Using home-based education to improve childhood asthma

Study finds utilization of community health workers aids in improving health outcomes among children with the chronic lung disease
January 15, 2020

According to the American Academy of Allergy Asthma & Immunology, childhood asthma is the most common serious chronic disease in infants and children. Although there is no cure for asthma, it can be managed with proper prevention and education. Controlling the symptoms of asthma in children is important in order to prevent long-term damage to growing lungs.

However, lack of education and lack of access to clinical care and health insurance are often barriers to controlling the symptoms. This is especially true among low-income communities in the Texas-Mexico border region where childhood asthma is a significant health issue.

One way to help educate these families who might lack access to asthma education is through home-based education from community health workers (CHWs).

A study led by Juha Baek, a doctoral student in the Department of Environmental and Occupational Health at the Texas A&M School of Public Health and a graduate research fellow in the Center for Outcomes Research at the Houston Methodist Research Institute, found that home-based education provided by CHWs effectively improved health outcomes among children in communities lacking access to medical resources.

For the study, which was recently published in BMC Public Health, Baek and his cohorts chose to focus on Hidalgo County in the Rio Grande Valley of Texas. In 2017, Hidalgo County had a population of about 860,000 residents, with 92.2 percent of the population identifying as Hispanic. Additionally, the prevalence of childhood asthma was 9.4 percent, which was higher than the national (8.3 percent) and state (7.6 percent) averages.

“This area has a very high rate of childhood asthma and is very in need of asthma education,” Baek said.

Nearly 300 children and their families, of whom 97 percent were Hispanic, were separated into two groups: an intervention group that received educational materials and face-to-face meetings with a CHW at home and a control group that only received educational materials. Families in both groups were also given allergen-proof mattresses and pillow cases.

While there have been previous studies on the effects of home-based education, Baek said his team’s approach was unique in that it compared the changes of health outcomes between an intervention group and a control group.

“This is a more effective way to see the effects of intervention rather than using just the one group,” Baek said. “It is better to compare the groups to see the effect of the educational intervention on the children and their families.”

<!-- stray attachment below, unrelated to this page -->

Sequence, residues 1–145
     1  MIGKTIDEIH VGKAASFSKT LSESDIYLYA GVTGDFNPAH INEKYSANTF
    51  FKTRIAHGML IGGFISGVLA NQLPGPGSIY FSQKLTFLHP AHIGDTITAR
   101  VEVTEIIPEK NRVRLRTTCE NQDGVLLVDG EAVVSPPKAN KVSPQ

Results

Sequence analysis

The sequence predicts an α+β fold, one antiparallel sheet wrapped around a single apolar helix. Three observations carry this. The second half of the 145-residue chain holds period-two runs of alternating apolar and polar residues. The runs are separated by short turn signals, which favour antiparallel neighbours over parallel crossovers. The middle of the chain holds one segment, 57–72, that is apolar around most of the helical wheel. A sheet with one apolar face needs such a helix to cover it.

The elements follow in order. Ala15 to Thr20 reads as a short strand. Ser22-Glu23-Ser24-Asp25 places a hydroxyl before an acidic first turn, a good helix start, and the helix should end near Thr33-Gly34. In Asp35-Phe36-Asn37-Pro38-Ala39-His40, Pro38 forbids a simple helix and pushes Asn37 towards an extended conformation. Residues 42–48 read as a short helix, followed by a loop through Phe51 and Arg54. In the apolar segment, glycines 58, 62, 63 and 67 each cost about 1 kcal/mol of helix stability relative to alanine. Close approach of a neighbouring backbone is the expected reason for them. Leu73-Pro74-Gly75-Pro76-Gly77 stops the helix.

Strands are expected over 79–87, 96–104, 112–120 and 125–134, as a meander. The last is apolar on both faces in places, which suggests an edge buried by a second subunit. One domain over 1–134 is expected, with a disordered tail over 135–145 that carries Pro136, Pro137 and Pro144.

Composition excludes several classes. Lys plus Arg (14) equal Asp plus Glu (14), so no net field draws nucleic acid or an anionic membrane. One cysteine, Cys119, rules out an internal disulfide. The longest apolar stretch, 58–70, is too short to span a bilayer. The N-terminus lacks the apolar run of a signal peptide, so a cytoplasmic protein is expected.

The intervention group was provided home-based asthma education based on the Asthma and Healthy Homes curriculum certified by the Texas Department of State Health Services. The goal was to teach the families how to more effectively manage their children’s asthma and create healthier home environments.

The plan, which was led by CHWs, referenced the Asthma and Healthy homes curriculum and contents of the Seven Principles of Healthy Homes. The components included: asthma signs and symptoms, asthma management, identifying common asthma triggers, correct use of asthma medications, emergency actions in case of asthma attacks, and fundamental components of an asthma action plan.

From their results, Baek and his team concluded that home-based education by CHWs from the local area had a significant effect on the improvement of health outcomes—including the number of asthma attacks and a family’s emotional health—among children in communities lacking access to medical resources. Since the CHWs were from the area, they spoke the language and knew the culture, which in turn helped to put the families at ease. The researchers mentioned that expanding such programs in low-income communities could help address health disparities and improve the health outcomes of children with asthma.

“The families felt cared for and emotionally supported because it was in their home and the CHWs spoke their language and knew their culture,” Baek said. “For the children’s asthma control and management, the families are very important and they should be educated on how to care for their children.”

Baek’s co-authors on the study include: from School of Public Health, Genny Carrillo, MD, ScD, director of the Program on Asthma Research and Education and associate professor; Xiaohui Xu, PhD, head of the Department of Epidemiology and Biostatistics, and associate professor; Lucia Conner, MPH, CHWI, program coordinator of the Program on Asthma Research and Education, McAllen Campus. And Niko Tapangan from the Hidalgo County Health and Human Services Department; Ke Huang, graduate student in the Texas A&M University Department of Statistics.

— Tim Schnettler

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